The words, “But you”, of course, also mark the entry of the gospel. And I must confess that I am increasingly moved and charmed by the way in which this particular Apostle always brings in his gospel like this. We see him doing it in the fourth verse of his second chapter. He always does it in this way. There we read that terrifying passage in the first three verses, then suddenly, having said it all, Paul says, “But God”! – and in comes his gospel. And he is doing exactly the same thing here. This but, you see, this contrast, this disjunction, this is the Gospel, and it is something altogether different, it has nothing to do with this world and its mind and its outlook; it is something that comes in from above, and it brings with it a marvellous and a wonderful hope.

The Gospel always comes as a contrast. It is not an extension of human philosophy, it is not just a bit of an appendix to the book of life, or merely an addition to something that men have been able to evolve for themselves. No I It is altogether from God, it is from above, it is from heaven, it is supernatural, miraculous, divine. It is this thing which comes in as light into the midst of darkness and hopelessness and unutterable despair. But it does come like that; and thank God, I say again, that it does.

The position we are confronted with is this. We are looking at the modern world in terms of this accurate description of it, and we see that everything that man has ever been able to think of has failed to cope with it. Is political action dealing with the moral situation? Is it dealing even with the international situation? Can education deal with it? Read your newspapers and you have your answer. Hooliganism is not confined to the uneducated. Take all your social agencies, everything man has ever been able to think of. How can it possibly deal with a situation such as that which we have been considering in verses 17, 18 and 19? When you are dealing with a darkened mind, with a hardened heart, with a principle of lasciviousness controlling the most powerful factors in man, all opposed to God, all vile and foul, what is the. value of a little moral talk and uplift? What is the power of any legislation?

You cannot change men’s nature by passing Acts of Parliament, by giving them new houses, or by anything you may do for them. There is only one thing that can meet such a situation; and thank God it can! “I am not ashamed of the gospel of Christ,” says this great Apostle, as he looks forward to a visit to the imperial city of Rome with all its grandeur and its greatness, as well as its sin and its foulness. “I am not ashamed of the gospel of Christ”, he says, and for this reason, “it is the power of God unto salvation”. And because it is the power of God it holds out a hope even for men and women who have given themselves over, abandoned themselves, to the working of all uncleanness with greediness.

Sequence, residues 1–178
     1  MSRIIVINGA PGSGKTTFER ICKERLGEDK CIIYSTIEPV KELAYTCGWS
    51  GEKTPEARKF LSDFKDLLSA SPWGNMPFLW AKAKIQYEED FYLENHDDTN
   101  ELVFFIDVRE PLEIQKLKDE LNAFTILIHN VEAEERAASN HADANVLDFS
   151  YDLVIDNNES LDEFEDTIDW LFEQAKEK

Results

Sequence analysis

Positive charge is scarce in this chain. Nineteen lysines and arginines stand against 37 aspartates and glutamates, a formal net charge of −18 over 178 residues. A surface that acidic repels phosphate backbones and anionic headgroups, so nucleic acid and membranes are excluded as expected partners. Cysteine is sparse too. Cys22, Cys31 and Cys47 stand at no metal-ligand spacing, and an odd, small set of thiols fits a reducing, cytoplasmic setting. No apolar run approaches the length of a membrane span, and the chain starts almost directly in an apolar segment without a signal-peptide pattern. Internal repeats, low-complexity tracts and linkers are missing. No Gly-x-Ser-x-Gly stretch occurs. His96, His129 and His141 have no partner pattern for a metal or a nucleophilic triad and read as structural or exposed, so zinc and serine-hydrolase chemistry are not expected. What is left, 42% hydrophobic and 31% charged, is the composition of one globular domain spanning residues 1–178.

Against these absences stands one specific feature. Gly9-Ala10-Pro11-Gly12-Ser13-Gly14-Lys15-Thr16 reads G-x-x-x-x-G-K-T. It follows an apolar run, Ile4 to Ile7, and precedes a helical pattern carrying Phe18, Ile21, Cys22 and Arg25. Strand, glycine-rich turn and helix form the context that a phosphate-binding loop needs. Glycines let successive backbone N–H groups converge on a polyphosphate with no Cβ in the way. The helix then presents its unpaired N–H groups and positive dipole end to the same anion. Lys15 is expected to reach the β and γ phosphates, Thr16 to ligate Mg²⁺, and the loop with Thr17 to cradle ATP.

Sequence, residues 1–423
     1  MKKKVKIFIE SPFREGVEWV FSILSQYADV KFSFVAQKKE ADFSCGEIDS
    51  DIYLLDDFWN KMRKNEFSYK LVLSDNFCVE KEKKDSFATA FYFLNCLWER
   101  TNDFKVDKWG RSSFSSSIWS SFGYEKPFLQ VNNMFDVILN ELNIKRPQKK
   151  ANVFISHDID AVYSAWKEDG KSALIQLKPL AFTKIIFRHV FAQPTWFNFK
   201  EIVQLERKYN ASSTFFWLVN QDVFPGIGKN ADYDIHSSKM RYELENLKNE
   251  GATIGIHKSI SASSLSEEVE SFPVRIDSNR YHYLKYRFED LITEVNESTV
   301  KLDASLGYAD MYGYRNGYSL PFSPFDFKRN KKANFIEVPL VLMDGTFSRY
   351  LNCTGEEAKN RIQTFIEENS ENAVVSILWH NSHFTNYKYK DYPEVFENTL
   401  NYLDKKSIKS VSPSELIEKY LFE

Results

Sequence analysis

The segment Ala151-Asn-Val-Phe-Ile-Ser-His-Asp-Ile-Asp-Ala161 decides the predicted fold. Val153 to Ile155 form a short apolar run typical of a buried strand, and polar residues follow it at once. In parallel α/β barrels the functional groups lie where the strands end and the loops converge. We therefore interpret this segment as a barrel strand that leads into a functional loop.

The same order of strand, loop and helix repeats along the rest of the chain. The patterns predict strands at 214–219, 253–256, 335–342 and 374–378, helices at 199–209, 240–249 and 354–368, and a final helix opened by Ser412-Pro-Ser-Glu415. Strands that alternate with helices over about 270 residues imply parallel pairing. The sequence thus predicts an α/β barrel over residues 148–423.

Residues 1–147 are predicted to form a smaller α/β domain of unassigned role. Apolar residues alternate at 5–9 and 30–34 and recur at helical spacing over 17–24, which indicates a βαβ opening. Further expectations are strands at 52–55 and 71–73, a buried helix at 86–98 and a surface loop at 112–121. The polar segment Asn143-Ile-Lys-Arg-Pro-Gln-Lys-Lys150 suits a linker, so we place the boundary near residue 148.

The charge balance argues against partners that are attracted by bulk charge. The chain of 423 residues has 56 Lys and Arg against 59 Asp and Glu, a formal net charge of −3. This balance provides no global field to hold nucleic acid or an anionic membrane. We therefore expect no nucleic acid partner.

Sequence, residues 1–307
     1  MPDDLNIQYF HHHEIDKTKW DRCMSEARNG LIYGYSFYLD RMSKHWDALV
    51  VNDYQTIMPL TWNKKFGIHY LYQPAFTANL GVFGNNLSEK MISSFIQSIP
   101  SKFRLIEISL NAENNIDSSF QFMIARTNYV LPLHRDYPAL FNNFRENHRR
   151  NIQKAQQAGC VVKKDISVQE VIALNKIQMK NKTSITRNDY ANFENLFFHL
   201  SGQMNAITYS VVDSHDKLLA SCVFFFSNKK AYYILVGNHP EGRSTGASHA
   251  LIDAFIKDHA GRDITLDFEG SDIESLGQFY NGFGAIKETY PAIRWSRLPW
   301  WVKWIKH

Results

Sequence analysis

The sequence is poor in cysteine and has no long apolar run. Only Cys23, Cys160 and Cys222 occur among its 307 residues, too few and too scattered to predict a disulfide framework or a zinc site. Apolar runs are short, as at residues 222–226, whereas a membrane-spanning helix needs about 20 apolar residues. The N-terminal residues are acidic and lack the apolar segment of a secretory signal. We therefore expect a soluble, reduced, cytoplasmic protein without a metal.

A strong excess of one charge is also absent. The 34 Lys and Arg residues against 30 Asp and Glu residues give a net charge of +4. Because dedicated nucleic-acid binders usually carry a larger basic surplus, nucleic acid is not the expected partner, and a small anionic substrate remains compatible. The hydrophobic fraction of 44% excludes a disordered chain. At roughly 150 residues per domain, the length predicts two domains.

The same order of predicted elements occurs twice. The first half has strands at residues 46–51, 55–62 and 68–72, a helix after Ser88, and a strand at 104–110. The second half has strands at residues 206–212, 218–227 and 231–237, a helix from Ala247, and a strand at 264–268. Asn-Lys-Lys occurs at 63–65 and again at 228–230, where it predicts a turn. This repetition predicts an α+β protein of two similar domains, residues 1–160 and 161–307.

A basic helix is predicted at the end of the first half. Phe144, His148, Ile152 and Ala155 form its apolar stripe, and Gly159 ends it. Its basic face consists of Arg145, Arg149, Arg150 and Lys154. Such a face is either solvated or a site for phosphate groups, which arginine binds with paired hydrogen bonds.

I have often said that there is nothing so romantic as the preaching of the gospel. You never know what is going to happen. 1 have this absolute confidence that if the vilest and the blackest character in this city of London today hears this message, even if he is the most abandoned wretch in the foulest gutter, I see a hope for him, because of the gospel, this but that comes in, this power of God! The gospel comes into the midst of despair and hopelessness; it comes in looking at life with a realistic eye. There is nothing, apart from the gospel, that can afford to be realistic; everything else has to try to persuade itself like a kind of self-hypnotism.

Here is the only thing that can look at man as he is, at his very worst and blackest and at his most hopeless, and still address him. Why? Because the power of God is in it. And this is a power that can make men anew and re-fashion them after the image of the Lord Jesus Christ, as the Apostle is about to tell us. It is the work of the Creator. So the Gospel comes in this way, and the words “But you” remind us of the whole thing. (source)

D. Martyn-Lloyd Jones

Further reading